Friday, January 2, 2015

Mental disorder is a cause of crime: offender and victim perspectives

Offender and victim perspectives on the assumed connection between mental disorder and crime are, of course, in most ways more important than the experts' perspectives that have dominated this series. 

By assuming that mental disorder is a cause of crime, the role of the acting subject and his individual responsibility is left suspended. Though this may come as a relief to some perpetrators or those affected by the crime, it is more likely to be percieved as abolishing or reducing human responsibility. Even if penal law exceptions or provision of special treatment for those considered mentally disordered may spare an offender punishment, there is a price to pay. In my experience from Sweden, where the prison system is secure and sentences comparatively short, a majority of subjects referred for pretrial forensic psychiatric examinations wish to be considered non-disordered and to avoid court-ordered in-patient psychiatric care.

There are several reasons for this, ranging from the practical to the philosophical. Forensic psychiatric care is of unlimited duration and renders the patient dependent on professional expertise, which will often lead to longer periods of incarceration. It reduces autonomy to a far greater extent than in conventional corrective institutions. Pharmacological and other treatments can be given without consent. And a court declaration of insanity (or similar terms) will mean a lack of responsibility or reductions that will taint the human person as a whole.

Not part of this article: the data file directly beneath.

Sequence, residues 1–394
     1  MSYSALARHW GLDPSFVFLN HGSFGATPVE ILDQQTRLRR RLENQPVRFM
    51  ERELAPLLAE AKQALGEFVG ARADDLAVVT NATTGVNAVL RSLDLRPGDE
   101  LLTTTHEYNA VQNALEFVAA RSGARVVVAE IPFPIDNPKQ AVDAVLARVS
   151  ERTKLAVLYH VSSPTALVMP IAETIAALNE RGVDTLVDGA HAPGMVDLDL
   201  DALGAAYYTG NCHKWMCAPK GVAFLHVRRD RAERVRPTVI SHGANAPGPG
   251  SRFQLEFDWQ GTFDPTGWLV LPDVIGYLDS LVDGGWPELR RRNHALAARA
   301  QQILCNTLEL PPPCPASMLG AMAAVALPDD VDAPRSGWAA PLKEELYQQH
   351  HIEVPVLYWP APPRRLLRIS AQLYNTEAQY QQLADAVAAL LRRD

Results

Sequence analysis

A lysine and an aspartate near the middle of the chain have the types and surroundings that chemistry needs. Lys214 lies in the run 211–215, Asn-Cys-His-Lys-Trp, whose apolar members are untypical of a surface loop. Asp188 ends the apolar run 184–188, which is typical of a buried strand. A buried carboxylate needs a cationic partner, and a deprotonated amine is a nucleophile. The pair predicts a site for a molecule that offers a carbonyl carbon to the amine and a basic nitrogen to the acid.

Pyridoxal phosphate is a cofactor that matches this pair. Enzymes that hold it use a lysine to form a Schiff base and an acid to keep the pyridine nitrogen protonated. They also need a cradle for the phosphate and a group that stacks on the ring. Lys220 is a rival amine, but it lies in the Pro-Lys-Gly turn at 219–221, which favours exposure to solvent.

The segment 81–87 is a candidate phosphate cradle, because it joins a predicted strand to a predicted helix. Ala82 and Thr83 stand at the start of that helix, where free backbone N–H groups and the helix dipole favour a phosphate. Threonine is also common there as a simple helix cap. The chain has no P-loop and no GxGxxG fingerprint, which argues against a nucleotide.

Even if, as we have seen throughout this series, we as humans certainly have unfairly distributed abilities and chances to refrain from destructive acts, a decision that someone has lacked insight or the ability to control his behaviour will detract from his dignity and human rights.

Also everyman’s perspective on crime and criminals is belittled and silenced in the presence of expert opinion. Public opinion is often mocked as uninformed and revengeful but may contain a commonsensical understanding that is not always apparent in subcultures of experts. Humility is certainly called for in forensic psychiatry.  

This blog post, the final entry in the series on "mental disorder is a cause of crime", is partly based on the paper "Mental disorder is a cause of crime" I co-authored with Susanna Radovic, Christer Svennerlind, Pontus Höglund and Filip Radovic in 2009. This study is based on interviews with offenders, who may have a stronger belief in free will and responsibility than experts. 


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